Executive Order 13180 of December 7, 2000
Air Traffic Performance-Based Organization
By the authority vested in me as President by the Constitution and the laws of the United States of America, and in order to further improve the provision of air traffic services, an inherently governmental function, in ways that increase efficiency, take better advantage of new technologies, accelerate modernization efforts, and respond more effectively to the needs of the traveling public, while enhancing the safety, security, and efficiency of the Nation's air transportation system, it is hereby ordered as follows:
Section 1. Establishment of the Air Traffic Organization. (a) The Secretary of Transportation (Secretary) shall, consistent with his legal authorities, move to establish within the Federal Aviation Administration (FAA) a performance-based organization to be known as the “Air Traffic Organization” (ATO).
(b) The ATO shall be composed of those elements of the FAA's Air Traffic Services and Research and Acquisition organizations that have direct connection and give support to the provision of day-to-day operational air traffic services, as determined by the Administrator of the Federal Aviation Administration (Administrator). The Administrator may delegate responsibility for any operational activity of the air traffic control system to the head of the ATO. The Administrator's responsibility for general safety, security, and policymaking functions for the National Airspace System is unaffected by this order.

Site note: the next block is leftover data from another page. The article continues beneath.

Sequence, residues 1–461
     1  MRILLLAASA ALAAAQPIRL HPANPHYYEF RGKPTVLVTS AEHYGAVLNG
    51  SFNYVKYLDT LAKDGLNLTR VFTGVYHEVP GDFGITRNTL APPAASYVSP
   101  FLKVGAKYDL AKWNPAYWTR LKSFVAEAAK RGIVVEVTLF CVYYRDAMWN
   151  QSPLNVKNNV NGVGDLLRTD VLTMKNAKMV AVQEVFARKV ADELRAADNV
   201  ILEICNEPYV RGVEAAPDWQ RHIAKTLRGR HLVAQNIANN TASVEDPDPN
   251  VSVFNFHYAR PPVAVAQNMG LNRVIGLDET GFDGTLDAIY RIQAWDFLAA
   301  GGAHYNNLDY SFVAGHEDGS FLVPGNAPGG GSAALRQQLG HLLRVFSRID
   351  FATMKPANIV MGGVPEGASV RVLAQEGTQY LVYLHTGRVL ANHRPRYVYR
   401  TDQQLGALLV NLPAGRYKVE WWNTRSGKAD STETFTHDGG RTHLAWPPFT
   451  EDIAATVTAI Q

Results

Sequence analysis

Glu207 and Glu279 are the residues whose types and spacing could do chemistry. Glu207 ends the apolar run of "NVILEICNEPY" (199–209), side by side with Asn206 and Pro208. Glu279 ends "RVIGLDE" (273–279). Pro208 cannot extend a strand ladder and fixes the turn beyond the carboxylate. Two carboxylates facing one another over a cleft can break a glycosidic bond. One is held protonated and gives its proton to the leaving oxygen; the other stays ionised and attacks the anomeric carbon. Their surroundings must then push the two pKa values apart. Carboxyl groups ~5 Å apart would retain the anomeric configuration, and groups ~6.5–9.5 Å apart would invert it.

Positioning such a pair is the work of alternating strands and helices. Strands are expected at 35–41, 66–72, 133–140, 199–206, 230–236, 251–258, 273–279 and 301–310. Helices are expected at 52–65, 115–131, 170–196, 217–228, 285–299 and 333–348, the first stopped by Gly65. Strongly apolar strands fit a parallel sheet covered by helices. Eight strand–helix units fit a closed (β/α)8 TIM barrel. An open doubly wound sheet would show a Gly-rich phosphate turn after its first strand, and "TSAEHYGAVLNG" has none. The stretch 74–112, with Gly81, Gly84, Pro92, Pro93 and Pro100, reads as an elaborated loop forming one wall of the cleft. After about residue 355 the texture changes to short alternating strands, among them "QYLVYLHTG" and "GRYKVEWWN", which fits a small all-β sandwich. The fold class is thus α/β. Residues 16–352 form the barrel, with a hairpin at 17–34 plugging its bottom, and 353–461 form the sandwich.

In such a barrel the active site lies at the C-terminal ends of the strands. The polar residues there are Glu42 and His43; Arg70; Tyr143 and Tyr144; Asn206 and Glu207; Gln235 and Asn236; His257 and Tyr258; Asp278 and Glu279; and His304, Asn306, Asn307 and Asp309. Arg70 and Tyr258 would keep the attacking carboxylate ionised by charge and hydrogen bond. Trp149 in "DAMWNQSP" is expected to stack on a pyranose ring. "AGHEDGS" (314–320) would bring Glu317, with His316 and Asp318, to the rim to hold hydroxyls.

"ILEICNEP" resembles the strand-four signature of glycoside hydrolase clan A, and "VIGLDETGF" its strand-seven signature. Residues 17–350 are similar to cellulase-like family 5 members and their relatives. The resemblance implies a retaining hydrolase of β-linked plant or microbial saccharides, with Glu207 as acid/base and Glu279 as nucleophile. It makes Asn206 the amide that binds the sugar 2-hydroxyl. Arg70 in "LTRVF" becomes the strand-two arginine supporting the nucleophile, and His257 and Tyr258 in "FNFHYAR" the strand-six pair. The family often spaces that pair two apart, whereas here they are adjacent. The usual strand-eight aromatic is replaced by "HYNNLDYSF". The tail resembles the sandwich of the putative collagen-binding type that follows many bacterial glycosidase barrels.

(c) The Chief Operating Officer (COO) of the Air Traffic Control System, established by the Wendell H. Ford Aviation Investment and Reform Act for the 21st Century (Air-21) (Public Law 106-181), shall head the ATO and shall report directly to the Administrator and be subject to the authority of the Administrator. The COO, in consultation with the Air Traffic Control Subcommittee of the Aviation Management Advisory Committee, shall enter into an annual performance agreement with the Administrator that sets forth measurable organization and individual goals in key operational areas and describes specific targets and how such goals will be achieved. The COO may receive an annual bonus not to exceed 30 percent of the annual rate of basic pay, based upon the Administrator's evaluation of the COO's performance in relation to the targets and goals described above.
(d) The COO shall develop a 5-year strategic plan for the air traffic control system, including a clear statement of the mission and objectives for the system's safety, efficiency, and productivity. This strategic plan must ensure that ATO actions are consistent with long-term FAA strategies for the aviation system as a whole.
(e) The COO shall also enter into a framework agreement with the Administrator that will establish the relationship of the ATO with the other organizations of the FAA.